The items in the budget should appear in the following order. Note that when you are showing your schedules, they should flow down a worksheet, so balance sheet first, then cash receipts schedule underneath it and so on. Please do not flow the different schedules across the page or in different tabs.

1. The balance sheet for December 31, 2017 (as given above).

2. A sales forecast in units and dollars.

Check figure: March sales in dollars should be $85,810

3. A cash receipts schedule for January, February and March.  Hint: use the given percentages.

Check figure: Cash receipts for January should be $83,278

4. A purchases schedule in units for January, February and March.

Check figure: March purchases should be 386 units.

5. A cash payments schedule for January, February and March.

Check figure: February total cash payments should be $76,894

6. A cash budget for January, February and March, including a calculation of cumulative loan at the bottom.

Check figures: February ending cash should be $6,872 and cumulative loan should be $0.

7. The pro-forma income statements for January, February and March. You should also have a total column which totals all three months.

i. Subtotals for EBIT and EBT should be included.

ii. List all expenses separately (do not combine).

iii. Show long-term and short-term interest separately.

iv. Hint: Cost of goods sold is not the same thing as purchases.

Check figures: February’s earnings after taxes should be $5,758 and March COGS should be $55,963 and Amortization Expense is $233 per month.

8. A pro-forma retained earnings schedule for the quarter ended March 31 (not for each month).

Check figure: Ending retained earnings should be $91,347.

9. A pro-forma balance sheet at March 31. You do not have to complete balance sheets for January or February.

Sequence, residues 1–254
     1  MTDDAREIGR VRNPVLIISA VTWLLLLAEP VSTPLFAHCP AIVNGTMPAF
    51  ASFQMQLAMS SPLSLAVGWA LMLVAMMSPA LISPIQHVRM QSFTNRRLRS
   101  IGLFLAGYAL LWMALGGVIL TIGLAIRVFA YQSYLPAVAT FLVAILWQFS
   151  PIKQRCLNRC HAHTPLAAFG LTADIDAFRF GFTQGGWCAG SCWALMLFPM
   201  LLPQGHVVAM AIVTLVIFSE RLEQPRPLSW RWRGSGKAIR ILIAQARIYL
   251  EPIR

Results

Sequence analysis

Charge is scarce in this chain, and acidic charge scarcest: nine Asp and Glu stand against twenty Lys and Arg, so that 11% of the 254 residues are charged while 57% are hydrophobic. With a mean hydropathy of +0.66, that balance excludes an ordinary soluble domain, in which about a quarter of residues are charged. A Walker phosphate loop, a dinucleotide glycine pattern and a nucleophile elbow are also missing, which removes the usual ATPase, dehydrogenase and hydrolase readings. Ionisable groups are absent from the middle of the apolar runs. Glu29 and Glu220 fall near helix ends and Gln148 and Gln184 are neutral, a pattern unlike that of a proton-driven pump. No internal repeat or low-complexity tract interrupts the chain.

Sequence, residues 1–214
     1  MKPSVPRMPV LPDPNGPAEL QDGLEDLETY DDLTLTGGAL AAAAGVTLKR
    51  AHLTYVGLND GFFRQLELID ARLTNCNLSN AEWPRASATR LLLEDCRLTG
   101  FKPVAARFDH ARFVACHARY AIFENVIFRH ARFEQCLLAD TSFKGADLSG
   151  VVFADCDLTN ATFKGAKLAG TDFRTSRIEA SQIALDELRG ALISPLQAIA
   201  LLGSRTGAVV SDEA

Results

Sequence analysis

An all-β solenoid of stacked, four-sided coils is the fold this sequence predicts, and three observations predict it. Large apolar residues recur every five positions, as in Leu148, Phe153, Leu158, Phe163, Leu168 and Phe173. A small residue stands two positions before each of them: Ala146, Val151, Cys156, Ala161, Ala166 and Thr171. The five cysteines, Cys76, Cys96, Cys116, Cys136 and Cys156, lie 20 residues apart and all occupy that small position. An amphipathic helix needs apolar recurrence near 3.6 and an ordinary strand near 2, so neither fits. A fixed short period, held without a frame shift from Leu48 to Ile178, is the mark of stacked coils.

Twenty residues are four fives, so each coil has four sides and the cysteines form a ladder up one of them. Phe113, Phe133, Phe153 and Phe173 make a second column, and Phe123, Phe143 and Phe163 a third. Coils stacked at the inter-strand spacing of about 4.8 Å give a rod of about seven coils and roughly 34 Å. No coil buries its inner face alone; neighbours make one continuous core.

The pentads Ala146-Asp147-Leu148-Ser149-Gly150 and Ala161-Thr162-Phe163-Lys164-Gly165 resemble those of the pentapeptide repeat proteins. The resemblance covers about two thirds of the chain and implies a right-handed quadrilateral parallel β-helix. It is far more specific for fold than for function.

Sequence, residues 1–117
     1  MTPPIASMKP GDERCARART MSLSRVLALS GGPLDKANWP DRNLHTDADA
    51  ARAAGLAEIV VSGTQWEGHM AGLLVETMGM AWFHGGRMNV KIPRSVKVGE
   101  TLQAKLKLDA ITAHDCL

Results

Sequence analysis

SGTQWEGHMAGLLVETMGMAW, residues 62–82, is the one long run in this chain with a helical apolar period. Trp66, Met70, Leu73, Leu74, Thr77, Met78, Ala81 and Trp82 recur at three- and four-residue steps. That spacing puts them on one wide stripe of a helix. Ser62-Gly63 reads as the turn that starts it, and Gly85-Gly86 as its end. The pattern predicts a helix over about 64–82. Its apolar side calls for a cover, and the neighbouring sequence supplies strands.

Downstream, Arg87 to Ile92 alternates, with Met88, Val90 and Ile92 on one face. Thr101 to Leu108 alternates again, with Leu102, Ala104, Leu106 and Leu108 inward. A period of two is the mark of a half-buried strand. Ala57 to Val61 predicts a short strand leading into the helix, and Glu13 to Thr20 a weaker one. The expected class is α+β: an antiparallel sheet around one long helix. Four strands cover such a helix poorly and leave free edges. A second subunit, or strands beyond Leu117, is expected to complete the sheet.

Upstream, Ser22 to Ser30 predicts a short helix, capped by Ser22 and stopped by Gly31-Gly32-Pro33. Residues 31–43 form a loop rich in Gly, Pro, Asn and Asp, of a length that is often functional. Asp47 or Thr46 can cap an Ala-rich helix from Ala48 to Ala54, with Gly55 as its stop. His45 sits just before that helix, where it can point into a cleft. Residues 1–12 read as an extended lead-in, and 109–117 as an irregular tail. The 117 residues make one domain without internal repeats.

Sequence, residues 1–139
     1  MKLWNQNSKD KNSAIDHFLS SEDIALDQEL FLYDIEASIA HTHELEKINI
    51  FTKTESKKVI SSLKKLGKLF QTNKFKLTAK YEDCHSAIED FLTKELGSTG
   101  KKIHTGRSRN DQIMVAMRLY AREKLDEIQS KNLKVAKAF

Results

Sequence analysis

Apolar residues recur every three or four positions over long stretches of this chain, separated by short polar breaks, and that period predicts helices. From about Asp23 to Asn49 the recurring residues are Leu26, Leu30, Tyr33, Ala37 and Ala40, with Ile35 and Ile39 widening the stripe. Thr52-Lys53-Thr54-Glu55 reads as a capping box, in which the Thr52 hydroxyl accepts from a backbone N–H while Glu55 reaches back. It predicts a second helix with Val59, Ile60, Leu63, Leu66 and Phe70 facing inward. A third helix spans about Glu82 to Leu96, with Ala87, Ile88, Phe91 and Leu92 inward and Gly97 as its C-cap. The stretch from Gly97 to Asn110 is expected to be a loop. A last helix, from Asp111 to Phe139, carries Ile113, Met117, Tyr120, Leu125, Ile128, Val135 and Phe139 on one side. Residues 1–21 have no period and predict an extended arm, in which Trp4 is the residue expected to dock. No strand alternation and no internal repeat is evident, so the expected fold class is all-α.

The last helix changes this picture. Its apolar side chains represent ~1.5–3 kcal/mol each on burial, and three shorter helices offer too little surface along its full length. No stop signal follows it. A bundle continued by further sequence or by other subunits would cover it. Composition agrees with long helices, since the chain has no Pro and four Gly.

i. Hints: Consider what will cause balances to change from the December 31, 2017 balance sheet.

1. Prepaid insurance will be the opening amount less the amount expensed on the income statement.

2. Tax payable will be the opening balance plus total tax expense less total tax instalments.

Check figure: Total assets should be $177,950.

Other information:

Format: 

· For numbers, use the Accounting format with zero decimal places.

· If your ending balance sheet is out by $1, do not worry about it.

· Marks will be awarded for a neat, well laid out and formatted spreadsheet. It should be easy to follow and have a good flow to it.

· Schedules should flow down a worksheet, not side by side. So, the opening balance sheet would be at the top, the cash receipts schedule below it.

· Lines should be included to show where calculations occur, with double lines at the bottom of each schedule. See the balance sheet on the previous page.

· Dollar signs should be used only at the top and bottom of columns in a schedule, not on every number.

Formulas: Many of the numbers in the schedules, most of the numbers in the income statement, and all of the numbers in the retained earnings statement and the closing balance sheet should be the result of formulas or called cells. For the pro-forma balance sheet, some of the formulas will start with a reference to the opening balance sheet. For example, taxes payable will be the opening amount from December 31, plus total tax expense, minus total tax instalments.

Cell referencing: Whenever possible, cell referencing must be used – you will not get the check figures unless you use cell referencing whenever possible. An efficient schedule design allows you to make changes in one area and have them update automatically in others.

Due Date: March 11 at 11:55 pm, to be uploaded through a Moodle drop-box. Late submissions will not be accepted. The file should be named as FirstNameLastName, Buad 195, and budget e.g. erincreagh-buad195-budget.xlsx.

Plagiarism: Each person is to create his/her own Excel file and do this assignment individually. NO EXCEPTIONS